YOMYOMF CHERRY is a collection of “bonus” stand-alone videos featuring members of the immediate and extended YOMYOMF family — Our version of the cherry on top of a sundae. For more YOMYOMF Cherry Videos, click here.
For this edition of YOMYOMF CHERRY, we present the Japanese superhero inspired SECONDARY EDUCATION, written by Max Parr and Jon Truei and directed by Jon Truei. We asked the director 5 questions about the making of this amazing, Power Rangers meets Breakfast Club meets 90s-era Afterschool Special action comedy (you can view the embedded film below).
1. How did you come up with the concept for this short?
During the Summer of 2011, I was in Prague, Czech Republic for about a month and a half writing and shooting a short film as part of an NYU Study Abroad Program. We had a crazy professor there who was one of the program’s key supervisors and always seemed to be inexplicably distracted and in a rush to be somewhere. He also had what is possibly the world’s heaviest accent, and it was so hard to understand him at times that after a while we stopped trying and he sort of became the butt of all of our jokes out in the program. It was only when we started having to shoot our movies, 18 of us American kids out in Europe with no Czech language capability or connections in the area, that we realized that all along, he’d been pretty much the only administrator supervising shoots out in the field and solving all of our emergencies. If something broke, he’d call us in seconds, like huffing and puffing over the phone, and would show up a couple minutes later on a motorcycle with the parts we needed and all kinds of other stuff he didn’t need to bring.
It was while we were having the final screenings for our films at the end of the program that I actually came up with the concept for SECONDARY EDUCATION. Right when we were about to finally show all of the films that we’d spent all month producing, he received a call on his cell phone, his eyes bulged, and he pulled on a backpack and left for the rest of the screening without telling us anything. We still don’t know what he left the screening for specifically, but at the time it was pretty much the funniest thing ever and I thought to myself that it might make an interesting movie. That professor really was like a superhero for us out in the Czech Republic, so I decided to start from there.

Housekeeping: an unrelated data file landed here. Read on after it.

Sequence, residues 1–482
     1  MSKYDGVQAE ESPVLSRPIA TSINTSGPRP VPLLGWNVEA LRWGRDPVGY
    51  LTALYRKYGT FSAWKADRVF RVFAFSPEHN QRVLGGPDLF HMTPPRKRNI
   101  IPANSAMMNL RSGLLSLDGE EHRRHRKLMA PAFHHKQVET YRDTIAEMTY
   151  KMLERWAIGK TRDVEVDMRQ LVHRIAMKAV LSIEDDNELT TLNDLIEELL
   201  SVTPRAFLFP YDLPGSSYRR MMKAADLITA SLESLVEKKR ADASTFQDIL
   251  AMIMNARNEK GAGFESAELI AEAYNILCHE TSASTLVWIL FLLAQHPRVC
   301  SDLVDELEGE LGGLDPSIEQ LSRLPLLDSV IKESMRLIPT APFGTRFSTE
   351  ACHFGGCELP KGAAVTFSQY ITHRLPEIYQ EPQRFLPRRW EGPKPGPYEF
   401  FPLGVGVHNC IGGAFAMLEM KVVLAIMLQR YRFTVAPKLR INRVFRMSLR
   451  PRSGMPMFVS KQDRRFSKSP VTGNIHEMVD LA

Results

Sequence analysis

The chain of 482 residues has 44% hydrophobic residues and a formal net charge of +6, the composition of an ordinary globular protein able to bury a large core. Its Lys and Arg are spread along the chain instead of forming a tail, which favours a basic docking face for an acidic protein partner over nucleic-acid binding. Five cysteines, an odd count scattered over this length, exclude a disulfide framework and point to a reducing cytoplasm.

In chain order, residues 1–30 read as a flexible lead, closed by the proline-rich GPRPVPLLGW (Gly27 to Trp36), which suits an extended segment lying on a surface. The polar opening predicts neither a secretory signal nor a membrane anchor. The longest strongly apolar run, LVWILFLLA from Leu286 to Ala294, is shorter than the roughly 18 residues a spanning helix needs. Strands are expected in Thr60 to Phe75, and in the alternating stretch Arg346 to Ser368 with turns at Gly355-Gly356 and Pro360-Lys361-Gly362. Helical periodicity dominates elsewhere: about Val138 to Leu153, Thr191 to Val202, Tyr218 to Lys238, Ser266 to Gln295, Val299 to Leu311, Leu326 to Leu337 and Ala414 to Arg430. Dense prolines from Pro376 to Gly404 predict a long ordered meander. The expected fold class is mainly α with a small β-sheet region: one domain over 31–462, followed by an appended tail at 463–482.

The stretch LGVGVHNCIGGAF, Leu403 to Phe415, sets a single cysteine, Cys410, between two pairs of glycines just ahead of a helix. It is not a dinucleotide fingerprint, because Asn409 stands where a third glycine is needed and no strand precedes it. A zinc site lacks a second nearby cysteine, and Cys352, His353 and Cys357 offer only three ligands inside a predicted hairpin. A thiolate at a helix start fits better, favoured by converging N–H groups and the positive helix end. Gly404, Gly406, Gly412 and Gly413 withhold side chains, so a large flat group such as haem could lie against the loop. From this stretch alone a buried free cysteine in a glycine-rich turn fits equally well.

2. Any challenges or setbacks during the production?
Once we’d decided that we were doing a 90s educational entertainment throwback film set in a high school, we realized that one of the hardest things we’d have to face in convincingly bringing a high school to life on camera would be filling the classrooms and hallways with students and other teachers, most of whom wouldn’t even be playing a significant role in the unfolding story. We ended up getting around that though when we figured that we could get around this problem and cut our cast down to just seven characters (a teacher, three students, a principal, two policemen, and a mutant lobster) total by setting the movie after school, during detention.
3. Any funny stories from the making of this film?
We’ve been asked many times before how the villainous mutant lobster character, Clawster, came to be, which is definitely a very funny story. When Eric, my cowriter Max Parr, and I were developing the original script for this short (which was very, very different from what the film became, but always featured the Japanese Tokusatsu Genre as a central element), I asked Eric what he thought the most absolutely Japanese Tokusatsu opening for the movie could possibly be. His reply to me was that I “should just have a giant lobster try to rob a bank,” and the idea was so funny to me that I just couldn’t give it up. A couple drafts later, after we’d condensed the script down to what we felt would be the simplest and most effective elements, Clawster ended up being promoted to the film’s primary villain.
4. Where has your film played? Festivals or other places around the world?
This film was actually completed extremely recently, so believe it or not, aside from screenings that have happened exclusively for the NYU community, most of the world will be seeing SECONDARY EDUCATION for first time on the YOMYOMF Network. On the side, we have begun to submit to a number of film festivals, specifically targeting Genre Film Festivals, Asian American Film Festivals, and Childrens’ Film Festivals.
5. What’s been going on with you, filmmaking wise since the completion of this short? What are you working on next?
Since our team completed production on this film in mid 2012 and I graduated from NYU Film School, I’ve mostly been working as an editor and occasional compositor and motion graphics artist in New York, where I am currently based. I’ve had the chance to edit for Vevo, The Grammy Awards, Jay Z’s Life + Times Youtube Series, The Cooking Channel, and on a variety of commercials for Kohls Department stores. On my own, I’ve had the chance to direct a pretty fun trailer spot for a recent novel published by Random House called “The Tragedy Paper”, along with a new martial arts piece of my own, featuring Keith Min of the LBP Stunts Organization in Chicago and a number of my east coast and New York based stunt collaborators. Eric Lim and I have also been developing and outlining episodes and story lines for a web series based on the universe and characters from SECONDARY EDUCATION.